PICmicro® 8-bit MCUs, KEELOQ® code hopping
devices, Serial EEPROMs, microperipherals,
non-volatile memory and analog products. In
addition, Microchip’s quality system for the
design and manufacture of development
systems is ISO 9001 certified.
 2002 Microchip Technology Inc.
DS00239A - page 21
WORLDWIDE SALES AND SERVICE
AMERICAS
ASIA/PACIFIC
Corporate Office
Australia
2355 West Chandler Blvd.
Chandler, AZ 85224-6199
Tel: 480-792-7200 Fax: 480-792-7277
Technical Support: 480-792-7627
Web Address: http://www.microchip.com
Microchip Technology Australia Pty Ltd
Suite 22, 41 Rawson Street
Epping 2121, NSW
Australia
Tel: 61-2-9868-6733 Fax: 61-2-9868-6755
Rocky Mountain
China - Beijing
2355 West Chandler Blvd.
Chandler, AZ 85224-6199
Tel: 480-792-7966 Fax: 480-792-4338
Atlanta
500 Sugar Mill Road, Suite 200B
Atlanta, GA 30350
Tel: 770-640-0034 Fax: 770-640-0307
Boston
2 Lan Drive, Suite 120
Westford, MA 01886
Tel: 978-692-3848 Fax: 978-692-3821
Chicago
333 Pierce Road, Suite 180
Itasca, IL 60143
Tel: 630-285-0071 Fax: 630-285-0075
Dallas
4570 Westgrove Drive, Suite 160
Addison, TX 75001
Tel: 972-818-7423 Fax: 972-818-2924
Detroit
Tri-Atria Office Building
32255 Northwestern Highway, Suite 190
Farmington Hills, MI 48334
Tel: 248-538-2250 Fax: 248-538-2260
Kokomo
2767 S. Albright Road
Kokomo, Indiana 46902
Tel: 765-864-8360 Fax: 765-864-8387
Los Angeles
18201 Von Karman, Suite 1090
Irvine, CA 92612
Tel: 949-263-1888 Fax: 949-263-1338
San Jose
Microchip Technology Inc.
2107 North First Street, Suite 590
San Jose, CA 95131
Tel: 408-436-7950 Fax: 408-436-7955
Toronto
6285 Northam Drive, Suite 108
Mississauga, Ontario L4V 1X5, Canada
Tel: 905-673-0699 Fax: 905-673-6509
Microchip Technology Consulting (Shanghai)
Co., Ltd., Beijing Liaison Office
Unit 915
Bei Hai Wan Tai Bldg.
No. 6 Chaoyangmen Beidajie
Beijing, 100027, No. China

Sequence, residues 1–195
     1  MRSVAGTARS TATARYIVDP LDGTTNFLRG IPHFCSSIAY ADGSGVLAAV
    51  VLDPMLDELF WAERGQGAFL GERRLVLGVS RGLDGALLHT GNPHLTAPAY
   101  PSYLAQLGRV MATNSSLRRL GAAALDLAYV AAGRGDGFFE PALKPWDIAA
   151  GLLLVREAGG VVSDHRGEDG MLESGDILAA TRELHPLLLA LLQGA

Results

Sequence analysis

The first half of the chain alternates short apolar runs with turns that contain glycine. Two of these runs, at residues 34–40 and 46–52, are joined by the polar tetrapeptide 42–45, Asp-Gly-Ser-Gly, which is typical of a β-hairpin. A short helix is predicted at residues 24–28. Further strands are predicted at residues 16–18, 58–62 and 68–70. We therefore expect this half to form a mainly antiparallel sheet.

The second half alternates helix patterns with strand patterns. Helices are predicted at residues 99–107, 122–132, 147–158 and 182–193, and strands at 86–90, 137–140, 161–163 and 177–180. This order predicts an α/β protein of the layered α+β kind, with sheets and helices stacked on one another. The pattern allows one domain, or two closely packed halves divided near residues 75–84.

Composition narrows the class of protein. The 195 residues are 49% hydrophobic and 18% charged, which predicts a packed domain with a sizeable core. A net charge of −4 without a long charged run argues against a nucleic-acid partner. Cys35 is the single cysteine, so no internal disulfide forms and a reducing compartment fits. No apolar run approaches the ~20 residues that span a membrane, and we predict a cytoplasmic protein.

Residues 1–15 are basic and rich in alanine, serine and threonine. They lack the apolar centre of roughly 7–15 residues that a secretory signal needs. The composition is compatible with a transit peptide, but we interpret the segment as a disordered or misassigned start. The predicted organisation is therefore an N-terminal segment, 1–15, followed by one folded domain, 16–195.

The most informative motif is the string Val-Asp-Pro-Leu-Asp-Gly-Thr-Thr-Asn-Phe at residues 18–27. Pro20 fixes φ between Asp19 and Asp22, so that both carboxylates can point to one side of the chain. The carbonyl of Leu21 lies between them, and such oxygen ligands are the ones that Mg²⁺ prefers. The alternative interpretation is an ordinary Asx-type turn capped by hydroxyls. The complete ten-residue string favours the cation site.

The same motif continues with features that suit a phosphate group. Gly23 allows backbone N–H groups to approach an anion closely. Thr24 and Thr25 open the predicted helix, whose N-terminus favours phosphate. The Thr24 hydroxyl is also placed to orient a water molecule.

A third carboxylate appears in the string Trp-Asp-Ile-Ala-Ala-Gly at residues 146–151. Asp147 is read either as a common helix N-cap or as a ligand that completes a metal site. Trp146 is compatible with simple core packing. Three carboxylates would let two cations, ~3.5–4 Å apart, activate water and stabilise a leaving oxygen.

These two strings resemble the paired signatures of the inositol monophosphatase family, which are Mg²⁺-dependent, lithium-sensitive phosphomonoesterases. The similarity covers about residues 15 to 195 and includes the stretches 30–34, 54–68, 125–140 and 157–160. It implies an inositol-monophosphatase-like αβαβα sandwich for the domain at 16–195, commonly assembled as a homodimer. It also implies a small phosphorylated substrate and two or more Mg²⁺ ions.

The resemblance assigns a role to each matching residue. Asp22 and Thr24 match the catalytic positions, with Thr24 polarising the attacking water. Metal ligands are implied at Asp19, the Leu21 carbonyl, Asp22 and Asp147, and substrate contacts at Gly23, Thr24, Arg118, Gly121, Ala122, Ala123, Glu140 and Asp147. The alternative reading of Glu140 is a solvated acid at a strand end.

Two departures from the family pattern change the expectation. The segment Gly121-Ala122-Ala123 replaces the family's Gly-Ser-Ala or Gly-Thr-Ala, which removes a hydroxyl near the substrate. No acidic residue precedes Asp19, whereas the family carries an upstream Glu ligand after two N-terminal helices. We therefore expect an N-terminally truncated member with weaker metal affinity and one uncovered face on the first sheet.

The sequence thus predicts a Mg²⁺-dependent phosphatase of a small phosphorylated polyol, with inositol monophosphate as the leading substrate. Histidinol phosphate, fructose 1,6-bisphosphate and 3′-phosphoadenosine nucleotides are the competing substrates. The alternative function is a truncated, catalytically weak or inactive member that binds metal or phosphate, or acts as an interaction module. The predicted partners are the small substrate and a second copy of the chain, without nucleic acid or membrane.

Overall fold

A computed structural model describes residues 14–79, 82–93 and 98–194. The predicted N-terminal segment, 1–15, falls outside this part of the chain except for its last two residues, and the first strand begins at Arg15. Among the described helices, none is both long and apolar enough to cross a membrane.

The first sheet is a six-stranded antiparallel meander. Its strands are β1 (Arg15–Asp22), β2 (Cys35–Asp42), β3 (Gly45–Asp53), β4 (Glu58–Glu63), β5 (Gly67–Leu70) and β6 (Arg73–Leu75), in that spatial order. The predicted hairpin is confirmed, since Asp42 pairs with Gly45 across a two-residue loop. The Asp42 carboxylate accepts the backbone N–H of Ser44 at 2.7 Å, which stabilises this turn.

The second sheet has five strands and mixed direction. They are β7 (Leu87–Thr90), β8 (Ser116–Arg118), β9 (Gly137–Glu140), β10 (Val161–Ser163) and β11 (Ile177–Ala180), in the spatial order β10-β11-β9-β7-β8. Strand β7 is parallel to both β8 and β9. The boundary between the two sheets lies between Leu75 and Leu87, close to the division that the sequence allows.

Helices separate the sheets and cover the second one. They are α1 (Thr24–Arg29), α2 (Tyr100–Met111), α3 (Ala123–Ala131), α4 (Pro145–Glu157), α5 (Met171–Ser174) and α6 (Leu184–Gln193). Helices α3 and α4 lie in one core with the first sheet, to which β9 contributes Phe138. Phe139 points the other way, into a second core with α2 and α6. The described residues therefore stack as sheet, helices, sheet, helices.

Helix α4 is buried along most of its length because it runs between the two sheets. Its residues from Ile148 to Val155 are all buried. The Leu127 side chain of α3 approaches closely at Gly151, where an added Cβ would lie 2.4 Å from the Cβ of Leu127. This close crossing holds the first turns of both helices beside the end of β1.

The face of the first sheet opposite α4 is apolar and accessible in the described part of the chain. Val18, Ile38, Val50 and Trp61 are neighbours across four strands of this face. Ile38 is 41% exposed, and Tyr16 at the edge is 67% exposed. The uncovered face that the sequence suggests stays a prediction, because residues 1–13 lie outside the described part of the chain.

Tel: 86-10-85282100 Fax: 86-10-85282104
China - Chengdu
Microchip Technology Consulting (Shanghai)
Co., Ltd., Chengdu Liaison Office
Rm. 2401, 24th Floor,
Ming Xing Financial Tower
No. 88 TIDU Street
Chengdu 610016, China
Tel: 86-28-86766200 Fax: 86-28-86766599
China - Fuzhou
Microchip Technology Consulting (Shanghai)
Co., Ltd., Fuzhou Liaison Office
Unit 28F, World Trade Plaza
No. 71 Wusi Road
Fuzhou 350001, China
Tel: 86-591-7503506 Fax: 86-591-7503521
China - Shanghai
Microchip Technology Consulting (Shanghai)
Co., Ltd.
Room 701, Bldg. B
Far East International Plaza
No. 317 Xian Xia Road
Shanghai, 200051
Tel: 86-21-6275-5700 Fax: 86-21-6275-5060
China - Shenzhen
Microchip Technology Consulting (Shanghai)
Co., Ltd., Shenzhen Liaison Office
Rm. 1315, 13/F, Shenzhen Kerry Centre,
Renminnan Lu
Shenzhen 518001, China
Tel: 86-755-82350361 Fax: 86-755-82366086
China - Hong Kong SAR
Microchip Technology Hongkong Ltd.
Unit 901-6, Tower 2, Metroplaza
223 Hing Fong Road
Kwai Fong, N.T., Hong Kong
Tel: 852-2401-1200 Fax: 852-2401-3431
India
Microchip Technology Inc.
India Liaison Office
Divyasree Chambers
1 Floor, Wing A (A3/A4)
No. 11, O’Shaugnessey Road
Bangalore, 560 025, India
Tel: 91-80-2290061 Fax: 91-80-2290062
Japan
Microchip Technology Japan K.K.
Benex S-1 6F
3-18-20, Shinyokohama
Kohoku-Ku, Yokohama-shi
Kanagawa, 222-0033, Japan
Tel: 81-45-471- 6166 Fax: 81-45-471-6122
Korea
Microchip Technology Korea
168-1, Youngbo Bldg. 3 Floor
Samsung-Dong, Kangnam-Ku
Seoul, Korea 135-882
Tel: 82-2-554-7200 Fax: 82-2-558-5934
Singapore
Microchip Technology Singapore Pte Ltd.
200 Middle Road
#07-02 Prime Centre
Singapore, 188980
Tel: 65-6334-8870 Fax: 65-6334-8850
Taiwan
Microchip Technology (Barbados) Inc.,
Taiwan Branch
11F-3, No. 207
Tung Hua North Road
Taipei, 105, Taiwan
Tel: 886-2-2717-7175 Fax: 886-2-2545-0139
EUROPE
Austria
Microchip Technology Austria GmbH
Durisolstrasse 2
A-4600 Wels
Austria
Tel: 43-7242-2244-399
Fax: 43-7242-2244-393
Denmark
Microchip Technology Nordic ApS
Regus Business Centre
Lautrup hoj 1-3
Ballerup DK-2750 Denmark
Tel: 45 4420 9895 Fax: 45 4420 9910
France
Microchip Technology SARL
Parc d’Activite du Moulin de Massy
43 Rue du Saule Trapu
Batiment A - ler Etage
91300 Massy, France
Tel: 33-1-69-53-63-20 Fax: 33-1-69-30-90-79
Germany
Microchip Technology GmbH
Steinheilstrasse 10
D-85737 Ismaning, Germany
Tel: 49-89-627-144 0 Fax: 49-89-627-144-44
Italy
Microchip Technology SRL
Centro Direzionale Colleoni
Palazzo Taurus 1 V. Le Colleoni 1
20041 Agrate Brianza
Milan, Italy
Tel: 39-039-65791-1 Fax: 39-039-6899883
United Kingdom
Microchip Ltd.
505 Eskdale Road
Winnersh Triangle
Wokingham
Berkshire, England RG41 5TU
Tel: 44 118 921 5869 Fax: 44-118 921-5820
10/18/02
DS00239A-page 22
 2002 Microchip Technology Inc.
Similar pages